Saturday, June 15, 2013

Tangled Ashes by Michele Phoenix (Review)








  • Paperback: 384 pages

  • Publisher: Tyndale House Publishers; Original edition (September 21, 2012)

  • ISBN-13: 978-1414368405



  • After invading Lamorlaye, France, Nazi officials don’t hesitate to take over the beautiful Meunier manor as their headquarters, hiring two young Frenchwomen, Marie and Elise, who clean and launder to help supplement their families’ meager incomes. But the girls begin to grow suspicious when medical equipment arrives, followed by an influx of pregnant women. As the Nazis’ plans for the manor become clear, the girls must decide where their loyalties truly lie.

    More than fifty years later . . .
    Architect Marshall Becker arrives in Lamorlaye to begin the massive renovation of a Renaissance-era castle. The project that was meant to provide an escape for Becker instead becomes a gripping glimpse into the human drama that unfolded during the Nazi occupation and seems to live on in midnight disturbances and bizarre acts of vandalism.

    Becker explores the castle’s shadowy history as he seeks to cope with the demons from his own past. Only Jade, the feisty nanny of the owner’s children, is willing to stand up to him. But Becker soon discovers that every one of the ch√Ęteau’s inhabitants seems to have something to hide and something to protect—and something worth fighting for.


    My Review:

    I thought this was an okay book. I like the general plot lines but the execution was not as good as it could have been. It was very awkward switching from modern day to the Nazi era. I liked Becker and Jade interacting but wished for more development in the relationship. I did not like the ending at all. It is a stand alone book and I felt disappointed in the closure provided. This could have been a really good book. The plot lines were interesting. The setting and the characters were good. I don't regret reading it. It actually did hold my attention. Fans of historical fiction might like it especially since the Christian aspect is not prominent.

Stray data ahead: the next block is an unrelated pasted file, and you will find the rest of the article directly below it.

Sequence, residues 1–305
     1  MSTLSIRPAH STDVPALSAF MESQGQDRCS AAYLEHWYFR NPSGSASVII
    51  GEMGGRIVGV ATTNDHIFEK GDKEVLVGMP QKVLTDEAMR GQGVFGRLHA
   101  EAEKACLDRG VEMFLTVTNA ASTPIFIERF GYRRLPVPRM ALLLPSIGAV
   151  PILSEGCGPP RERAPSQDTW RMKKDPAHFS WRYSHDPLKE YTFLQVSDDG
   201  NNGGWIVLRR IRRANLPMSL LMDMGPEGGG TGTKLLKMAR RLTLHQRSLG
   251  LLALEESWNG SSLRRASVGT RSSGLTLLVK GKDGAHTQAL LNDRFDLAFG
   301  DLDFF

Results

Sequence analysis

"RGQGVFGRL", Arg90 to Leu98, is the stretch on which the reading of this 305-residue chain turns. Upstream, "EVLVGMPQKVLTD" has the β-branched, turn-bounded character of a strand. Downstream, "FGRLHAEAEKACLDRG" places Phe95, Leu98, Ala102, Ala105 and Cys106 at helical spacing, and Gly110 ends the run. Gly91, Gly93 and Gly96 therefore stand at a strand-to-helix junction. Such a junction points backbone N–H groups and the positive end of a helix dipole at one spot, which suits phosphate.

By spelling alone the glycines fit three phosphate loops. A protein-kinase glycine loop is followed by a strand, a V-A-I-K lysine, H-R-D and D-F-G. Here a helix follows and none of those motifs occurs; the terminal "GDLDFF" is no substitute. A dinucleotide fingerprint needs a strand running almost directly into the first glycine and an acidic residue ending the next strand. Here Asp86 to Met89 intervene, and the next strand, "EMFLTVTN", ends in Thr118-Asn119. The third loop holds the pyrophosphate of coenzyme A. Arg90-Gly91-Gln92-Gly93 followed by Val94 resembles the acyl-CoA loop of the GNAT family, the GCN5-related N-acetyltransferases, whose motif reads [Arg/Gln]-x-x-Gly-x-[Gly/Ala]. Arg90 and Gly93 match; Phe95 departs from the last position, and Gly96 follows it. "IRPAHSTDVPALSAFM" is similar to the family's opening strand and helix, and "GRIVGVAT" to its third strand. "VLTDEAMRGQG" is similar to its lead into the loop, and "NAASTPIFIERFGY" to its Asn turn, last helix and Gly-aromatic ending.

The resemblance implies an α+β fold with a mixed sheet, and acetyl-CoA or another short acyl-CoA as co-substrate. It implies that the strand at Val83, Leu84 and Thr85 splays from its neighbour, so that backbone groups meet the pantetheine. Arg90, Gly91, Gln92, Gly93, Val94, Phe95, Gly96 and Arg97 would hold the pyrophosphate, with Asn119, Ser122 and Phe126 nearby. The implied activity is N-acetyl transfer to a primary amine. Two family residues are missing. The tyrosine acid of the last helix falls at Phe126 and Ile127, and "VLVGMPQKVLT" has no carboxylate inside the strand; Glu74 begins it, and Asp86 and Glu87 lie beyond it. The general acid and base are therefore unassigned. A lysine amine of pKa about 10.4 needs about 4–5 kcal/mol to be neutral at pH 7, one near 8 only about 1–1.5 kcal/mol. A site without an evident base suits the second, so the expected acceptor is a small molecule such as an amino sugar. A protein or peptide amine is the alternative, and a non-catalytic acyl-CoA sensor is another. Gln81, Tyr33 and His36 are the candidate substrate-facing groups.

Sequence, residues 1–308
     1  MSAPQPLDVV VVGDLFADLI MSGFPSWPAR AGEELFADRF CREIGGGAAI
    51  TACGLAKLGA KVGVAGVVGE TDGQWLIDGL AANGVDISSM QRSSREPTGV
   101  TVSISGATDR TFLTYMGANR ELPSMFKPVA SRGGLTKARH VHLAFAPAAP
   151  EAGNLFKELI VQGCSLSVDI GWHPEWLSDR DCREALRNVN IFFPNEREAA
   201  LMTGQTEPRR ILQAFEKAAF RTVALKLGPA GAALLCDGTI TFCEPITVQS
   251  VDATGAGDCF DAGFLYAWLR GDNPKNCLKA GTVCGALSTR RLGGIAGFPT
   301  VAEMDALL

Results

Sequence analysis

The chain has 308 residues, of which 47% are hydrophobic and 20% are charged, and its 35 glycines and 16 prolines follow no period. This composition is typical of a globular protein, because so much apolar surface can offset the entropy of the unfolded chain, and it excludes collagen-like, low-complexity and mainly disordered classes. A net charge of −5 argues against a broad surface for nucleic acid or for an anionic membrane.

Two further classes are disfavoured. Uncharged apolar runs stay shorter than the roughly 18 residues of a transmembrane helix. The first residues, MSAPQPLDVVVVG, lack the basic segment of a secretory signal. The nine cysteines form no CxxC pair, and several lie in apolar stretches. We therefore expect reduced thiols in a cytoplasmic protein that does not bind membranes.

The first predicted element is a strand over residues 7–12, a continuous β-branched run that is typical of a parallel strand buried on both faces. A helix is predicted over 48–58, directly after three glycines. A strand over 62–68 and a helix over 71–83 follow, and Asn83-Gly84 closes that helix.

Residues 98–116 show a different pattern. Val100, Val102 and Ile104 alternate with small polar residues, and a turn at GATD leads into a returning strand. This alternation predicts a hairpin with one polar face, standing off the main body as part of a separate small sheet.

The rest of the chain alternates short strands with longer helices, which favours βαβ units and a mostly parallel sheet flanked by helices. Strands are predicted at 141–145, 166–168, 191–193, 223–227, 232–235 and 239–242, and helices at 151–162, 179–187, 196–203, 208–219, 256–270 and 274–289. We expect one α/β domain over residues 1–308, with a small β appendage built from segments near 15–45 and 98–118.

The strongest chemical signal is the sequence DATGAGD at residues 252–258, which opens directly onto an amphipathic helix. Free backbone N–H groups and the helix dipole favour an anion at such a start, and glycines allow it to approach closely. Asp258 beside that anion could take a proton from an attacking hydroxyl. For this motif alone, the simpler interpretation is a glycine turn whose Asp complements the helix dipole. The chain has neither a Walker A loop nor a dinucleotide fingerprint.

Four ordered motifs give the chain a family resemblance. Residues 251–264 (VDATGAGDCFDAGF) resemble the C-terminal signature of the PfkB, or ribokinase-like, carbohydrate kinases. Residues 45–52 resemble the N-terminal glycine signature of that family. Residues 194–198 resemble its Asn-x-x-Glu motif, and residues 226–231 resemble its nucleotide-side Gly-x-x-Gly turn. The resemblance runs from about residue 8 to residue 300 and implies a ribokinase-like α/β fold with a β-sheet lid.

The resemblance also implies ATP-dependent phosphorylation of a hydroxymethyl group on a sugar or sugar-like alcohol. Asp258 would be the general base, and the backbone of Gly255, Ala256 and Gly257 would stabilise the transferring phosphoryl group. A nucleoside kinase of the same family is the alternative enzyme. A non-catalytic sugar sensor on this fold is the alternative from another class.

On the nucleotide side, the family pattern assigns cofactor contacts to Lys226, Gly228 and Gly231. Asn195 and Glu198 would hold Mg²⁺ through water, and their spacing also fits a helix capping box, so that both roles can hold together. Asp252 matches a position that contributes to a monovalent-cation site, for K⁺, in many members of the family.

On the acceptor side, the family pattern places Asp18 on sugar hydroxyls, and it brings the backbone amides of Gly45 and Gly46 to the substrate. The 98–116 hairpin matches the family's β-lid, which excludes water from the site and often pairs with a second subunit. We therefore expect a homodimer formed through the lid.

Born in France to an American mother and a Canadian father, Michele Phoenix is an international writer with multi-cultural sensitivities. A graduate of Wheaton College, she taught writing, music, and theater at the boarding school for missionaries' children she attended in Germany as a teenager. She currently works for Global Outreach Mission as an advocate for Third Culture Kids, helping them transition back into North American culture and educating stateside churches and missions about the special needs of this people group. Michele lives in Wheaton, Illinois. Visit www.michelephoenix.com for more information.

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